Dirt Doctor Newsletter
Rose Hips - A Special Herb
Anyone who uses toxic chemicals on their roses is foolish.
Roses are easy to grow with the organic program and everyone should plant some. Not only are they pretty to look at, but they also have another use. Rose hips are used for herbal tea, jam, jelly, syrup, beverages, pies, bread and marmalade. Read more
A few rose species are sometimes grown for the ornamental value of their hips, such as Rosa moyesii, which has prominent large red bottle-shaped fruits.
Rose hips are also used to feed some pets and horses. The dried and powdered form can be fed at 1 tablespoon per day to improve coat condition and new hoof growth. Rose hips are used in many food preparations and for colds and flues.
The fine hairs inside rose hips are used as itching powder. Dried rose hips are also sold for primitive crafts and are scented with essential oils to be used as a potpourri room air freshener.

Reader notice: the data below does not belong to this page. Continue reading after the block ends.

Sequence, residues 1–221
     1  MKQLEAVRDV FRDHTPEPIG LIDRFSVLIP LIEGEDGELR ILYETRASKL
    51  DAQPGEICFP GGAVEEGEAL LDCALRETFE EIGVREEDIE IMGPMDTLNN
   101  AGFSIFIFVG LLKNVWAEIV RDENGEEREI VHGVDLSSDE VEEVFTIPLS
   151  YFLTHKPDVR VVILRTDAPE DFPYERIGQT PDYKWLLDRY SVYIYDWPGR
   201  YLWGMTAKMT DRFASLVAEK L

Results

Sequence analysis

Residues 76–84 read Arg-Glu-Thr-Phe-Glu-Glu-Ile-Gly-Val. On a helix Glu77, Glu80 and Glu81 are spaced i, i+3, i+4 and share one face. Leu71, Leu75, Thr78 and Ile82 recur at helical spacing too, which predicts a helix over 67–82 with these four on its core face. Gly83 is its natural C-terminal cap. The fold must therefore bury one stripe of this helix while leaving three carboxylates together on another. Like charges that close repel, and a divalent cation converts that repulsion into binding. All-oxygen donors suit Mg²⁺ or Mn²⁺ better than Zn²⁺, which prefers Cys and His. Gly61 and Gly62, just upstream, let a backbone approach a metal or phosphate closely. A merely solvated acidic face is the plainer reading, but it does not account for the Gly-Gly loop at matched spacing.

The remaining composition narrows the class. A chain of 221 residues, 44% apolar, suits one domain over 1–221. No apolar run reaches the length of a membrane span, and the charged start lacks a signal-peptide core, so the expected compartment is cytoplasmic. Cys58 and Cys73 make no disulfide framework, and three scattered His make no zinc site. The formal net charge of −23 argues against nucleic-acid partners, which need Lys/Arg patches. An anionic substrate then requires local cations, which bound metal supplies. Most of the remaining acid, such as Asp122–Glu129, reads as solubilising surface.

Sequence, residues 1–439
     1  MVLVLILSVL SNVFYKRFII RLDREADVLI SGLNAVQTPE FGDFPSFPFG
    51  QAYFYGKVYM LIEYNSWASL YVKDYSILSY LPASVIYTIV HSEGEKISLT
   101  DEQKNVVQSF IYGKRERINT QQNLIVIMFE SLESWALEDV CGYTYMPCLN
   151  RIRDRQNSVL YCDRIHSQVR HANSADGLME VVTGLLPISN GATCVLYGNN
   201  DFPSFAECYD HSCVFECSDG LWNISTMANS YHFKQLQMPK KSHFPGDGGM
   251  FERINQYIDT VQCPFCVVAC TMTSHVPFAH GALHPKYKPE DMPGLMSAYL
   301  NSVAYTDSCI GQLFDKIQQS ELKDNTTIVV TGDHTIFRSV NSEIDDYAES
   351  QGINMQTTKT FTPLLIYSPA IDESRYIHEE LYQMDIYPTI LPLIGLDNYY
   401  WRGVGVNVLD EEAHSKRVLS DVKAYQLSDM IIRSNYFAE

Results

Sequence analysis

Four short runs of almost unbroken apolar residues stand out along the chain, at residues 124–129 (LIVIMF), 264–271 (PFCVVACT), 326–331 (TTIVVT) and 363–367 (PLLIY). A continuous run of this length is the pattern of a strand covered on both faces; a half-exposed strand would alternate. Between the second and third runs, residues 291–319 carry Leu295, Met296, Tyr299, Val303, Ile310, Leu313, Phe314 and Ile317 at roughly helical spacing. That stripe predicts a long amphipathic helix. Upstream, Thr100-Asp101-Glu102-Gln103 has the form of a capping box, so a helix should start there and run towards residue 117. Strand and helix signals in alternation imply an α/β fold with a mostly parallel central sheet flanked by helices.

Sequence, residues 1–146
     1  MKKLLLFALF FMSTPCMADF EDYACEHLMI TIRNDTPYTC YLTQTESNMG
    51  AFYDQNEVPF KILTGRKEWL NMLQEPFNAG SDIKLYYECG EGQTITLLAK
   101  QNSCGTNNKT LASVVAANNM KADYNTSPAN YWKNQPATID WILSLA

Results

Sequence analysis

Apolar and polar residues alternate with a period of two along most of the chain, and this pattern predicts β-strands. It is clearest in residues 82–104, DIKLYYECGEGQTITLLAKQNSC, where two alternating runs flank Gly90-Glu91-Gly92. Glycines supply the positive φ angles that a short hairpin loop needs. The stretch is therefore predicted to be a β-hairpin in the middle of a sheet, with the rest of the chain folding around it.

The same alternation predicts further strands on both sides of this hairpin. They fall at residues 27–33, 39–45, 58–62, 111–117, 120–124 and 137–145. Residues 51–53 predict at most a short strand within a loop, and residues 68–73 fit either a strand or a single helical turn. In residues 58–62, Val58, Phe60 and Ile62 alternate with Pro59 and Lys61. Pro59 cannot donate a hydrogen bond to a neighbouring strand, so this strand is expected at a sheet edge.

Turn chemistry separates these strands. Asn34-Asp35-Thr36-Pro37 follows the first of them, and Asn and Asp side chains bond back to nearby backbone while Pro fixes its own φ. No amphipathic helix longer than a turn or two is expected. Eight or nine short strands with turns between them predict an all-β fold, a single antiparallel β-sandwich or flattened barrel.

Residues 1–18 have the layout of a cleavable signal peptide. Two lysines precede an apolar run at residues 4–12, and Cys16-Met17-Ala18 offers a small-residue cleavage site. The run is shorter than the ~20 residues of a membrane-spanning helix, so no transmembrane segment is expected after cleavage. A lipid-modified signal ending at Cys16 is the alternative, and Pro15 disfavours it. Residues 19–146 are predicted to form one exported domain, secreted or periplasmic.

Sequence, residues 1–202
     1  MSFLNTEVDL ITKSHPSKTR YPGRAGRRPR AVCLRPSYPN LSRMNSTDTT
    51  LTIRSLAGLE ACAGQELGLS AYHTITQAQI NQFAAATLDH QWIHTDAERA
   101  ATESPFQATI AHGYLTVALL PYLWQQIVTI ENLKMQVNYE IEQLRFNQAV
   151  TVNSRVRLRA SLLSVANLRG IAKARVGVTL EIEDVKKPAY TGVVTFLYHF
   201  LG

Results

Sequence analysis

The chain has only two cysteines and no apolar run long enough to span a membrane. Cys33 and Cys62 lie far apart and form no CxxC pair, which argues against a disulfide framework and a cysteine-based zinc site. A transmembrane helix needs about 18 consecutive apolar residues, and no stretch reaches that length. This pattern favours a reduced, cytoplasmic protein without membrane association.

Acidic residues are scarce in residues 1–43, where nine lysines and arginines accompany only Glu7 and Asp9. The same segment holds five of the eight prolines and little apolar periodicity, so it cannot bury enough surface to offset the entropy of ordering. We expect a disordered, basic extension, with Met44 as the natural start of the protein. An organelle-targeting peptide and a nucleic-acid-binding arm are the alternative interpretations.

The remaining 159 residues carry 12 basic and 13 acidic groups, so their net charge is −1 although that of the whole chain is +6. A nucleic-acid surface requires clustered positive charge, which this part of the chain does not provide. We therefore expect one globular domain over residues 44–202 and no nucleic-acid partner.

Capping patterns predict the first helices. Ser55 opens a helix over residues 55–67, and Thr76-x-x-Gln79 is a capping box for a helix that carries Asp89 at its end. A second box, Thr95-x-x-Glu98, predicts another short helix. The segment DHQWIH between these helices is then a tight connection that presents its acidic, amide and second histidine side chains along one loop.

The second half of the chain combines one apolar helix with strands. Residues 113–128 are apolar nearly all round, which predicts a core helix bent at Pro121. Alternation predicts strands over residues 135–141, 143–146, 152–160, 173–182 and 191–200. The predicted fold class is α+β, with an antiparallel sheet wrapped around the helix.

Roses are propagated from hips by removing the seeds from the aril (the outer coating) and sowing just beneath the surface of the soil. Placed in a cold frame or a greenhouse, the seeds take at least three months to germinate. The more common propagation method is stem cuttings. Read more
In World War II, the people of Britain gathered wild-grown rose hips and made a Vitamin C syrup for children. This was because German submarines were sinking many commercial ships and citrus fruits from the tropics were very difficult to import.
If you have any questions regarding this newsletter or any other topic, join me for my radio show heard in Dallas/Fort Worth on Saturday at 11am and across the country on Sunday from 8 - 11am (CST). Radio. Find more information on living a more natural organic lifestyle at DirtDoctor.com.
In the meantime, be thinking about a name for the Champion Pecan in Weatherford. Read more articles on the Pecan Tree: Champion Pecan Tree and Pecan Research on the Champion Pecan. Here are the preliminary details for the “Name the Tree Contest".
The Dirt Doctor
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